In Colombia and other Latin American countries October 12th is Dia De La Raza, literally ‘day of the races’ or the day of ethnicities. It’s a remembrance of the heritage, colonization, and cultural diversity of Latin America. For the indigenous peoples of Colombia the term ‘Columbus’ refers not to a man but to an event, the brutal conquest of the land and the people by the Spanish conquistadores in the 15th and 16th centuries.
Cristoforo Colombo (Cristóbal Colón as he was known when sailing for Spain) never set foot on the continent of North America, nor did he set foot on land in Colombia, the country that would be named after him. His four voyages took him mostly to the Caribbean islands of Cuba, Hispaniola, the Bahamas, Jamaica and Trinidad and Tobago. He only touched the American continent in what are now Venezuela, Panama, Honduras and Costa Rica. The name Colombia was originally a broad geographical term referring to all of the so-called New World, then in the early 1800s applied more specifically to the original Republic of Colombia, a confederation of Spanish territories that included modern-day Colombia, Panama, Venezuela, Ecuador, and northwest Brazil, and which at one time was named the United States of Colombia!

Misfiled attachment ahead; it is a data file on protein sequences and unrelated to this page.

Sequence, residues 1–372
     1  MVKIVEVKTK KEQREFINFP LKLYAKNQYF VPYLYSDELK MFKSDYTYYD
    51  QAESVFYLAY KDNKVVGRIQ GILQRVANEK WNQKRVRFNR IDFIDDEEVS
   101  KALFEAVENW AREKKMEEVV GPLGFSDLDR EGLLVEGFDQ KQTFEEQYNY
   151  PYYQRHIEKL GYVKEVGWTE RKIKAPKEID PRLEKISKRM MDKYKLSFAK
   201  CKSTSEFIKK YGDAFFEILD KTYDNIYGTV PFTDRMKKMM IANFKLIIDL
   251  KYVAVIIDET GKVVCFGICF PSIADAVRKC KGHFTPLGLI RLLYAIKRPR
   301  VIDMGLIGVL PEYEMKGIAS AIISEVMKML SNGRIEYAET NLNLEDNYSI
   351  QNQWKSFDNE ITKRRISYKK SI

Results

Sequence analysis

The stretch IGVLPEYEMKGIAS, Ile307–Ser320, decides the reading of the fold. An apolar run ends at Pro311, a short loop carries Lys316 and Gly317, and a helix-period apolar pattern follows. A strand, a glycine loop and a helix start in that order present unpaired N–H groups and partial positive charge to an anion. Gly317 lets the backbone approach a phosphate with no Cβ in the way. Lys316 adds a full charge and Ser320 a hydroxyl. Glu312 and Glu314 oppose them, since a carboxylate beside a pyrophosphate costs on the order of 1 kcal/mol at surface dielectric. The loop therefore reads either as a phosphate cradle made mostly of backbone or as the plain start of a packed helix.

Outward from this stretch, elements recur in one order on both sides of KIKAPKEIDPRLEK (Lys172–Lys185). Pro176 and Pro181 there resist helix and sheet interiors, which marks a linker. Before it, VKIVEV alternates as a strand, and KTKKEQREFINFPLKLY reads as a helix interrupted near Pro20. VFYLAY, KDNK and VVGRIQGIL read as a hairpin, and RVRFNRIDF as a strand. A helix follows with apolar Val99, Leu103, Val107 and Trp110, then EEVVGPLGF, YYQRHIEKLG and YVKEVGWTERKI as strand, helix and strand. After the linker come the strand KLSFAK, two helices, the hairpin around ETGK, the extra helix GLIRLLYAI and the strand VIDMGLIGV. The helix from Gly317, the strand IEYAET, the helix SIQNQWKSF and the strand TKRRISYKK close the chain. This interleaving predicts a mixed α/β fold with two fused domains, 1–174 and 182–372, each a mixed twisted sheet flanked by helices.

The original Republic of Colombia won its independence from Spain in 1819 and adopted their first constitution in 1821, making Colombia the first constitutional government in South America. Venezuela split off from the republic in 1829, followed by Ecuador in 1830. Panama became a separate nation in 1906 when the United States bought it from Colombia as a future site for the canal. After a two-year civil war in 1863, the “United States of Colombia” was created, lasting until 1886, when the country finally became known as the Republic of Colombia.
Illustration: “Columbus Landing at Guanahani” by American artist John Vanderlyn (1837-47), which was commissioned by the United States Congress in June 1836 for the Capitol Rotunda.